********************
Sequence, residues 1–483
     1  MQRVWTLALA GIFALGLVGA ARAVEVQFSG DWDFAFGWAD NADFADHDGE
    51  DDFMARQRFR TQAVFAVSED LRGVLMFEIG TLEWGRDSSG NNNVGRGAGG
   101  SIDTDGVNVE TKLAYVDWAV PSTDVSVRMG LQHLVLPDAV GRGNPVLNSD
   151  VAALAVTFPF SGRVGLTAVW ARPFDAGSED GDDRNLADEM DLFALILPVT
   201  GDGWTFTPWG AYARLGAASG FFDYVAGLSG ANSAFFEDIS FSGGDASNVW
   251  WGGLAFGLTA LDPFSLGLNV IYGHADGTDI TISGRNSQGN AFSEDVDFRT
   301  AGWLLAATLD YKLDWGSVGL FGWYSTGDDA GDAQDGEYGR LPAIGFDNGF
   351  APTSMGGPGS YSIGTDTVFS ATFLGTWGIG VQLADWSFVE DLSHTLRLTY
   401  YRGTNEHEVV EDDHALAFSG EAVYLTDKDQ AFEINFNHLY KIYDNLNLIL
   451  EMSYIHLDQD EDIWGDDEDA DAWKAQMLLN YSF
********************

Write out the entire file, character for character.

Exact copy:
Sequence, residues 1–483
     1  MQRVWTLALA GIFALGLVGA ARAVEVQFSG DWDFAFGWAD NADFADHDGE
    51  DDFMARQRFR TQAVFAVSED LRGVLMFEIG TLEWGRDSSG NNNVGRGAGG
   101  SIDTDGVNVE TKLAYVDWAV PSTDVSVRMG LQHLVLPDAV GRGNPVLNSD
   151  VAALAVTFPF SGRVGLTAVW ARPFDAGSED GDDRNLADEM DLFALILPVT
   201  GDGWTFTPWG AYARLGAASG FFDYVAGLSG ANSAFFEDIS FSGGDASNVW
   251  WGGLAFGLTA LDPFSLGLNV IYGHADGTDI TISGRNSQGN AFSEDVDFRT
   301  AGWLLAATLD YKLDWGSVGL FGWYSTGDDA GDAQDGEYGR LPAIGFDNGF
   351  APTSMGGPGS YSIGTDTVFS ATFLGTWGIG VQLADWSFVE DLSHTLRLTY
   401  YRGTNEHEVV EDDHALAFSG EAVYLTDKDQ AFEINFNHLY KIYDNLNLIL
   451  EMSYIHLDQD EDIWGDDEDA DAWKAQMLLN YSF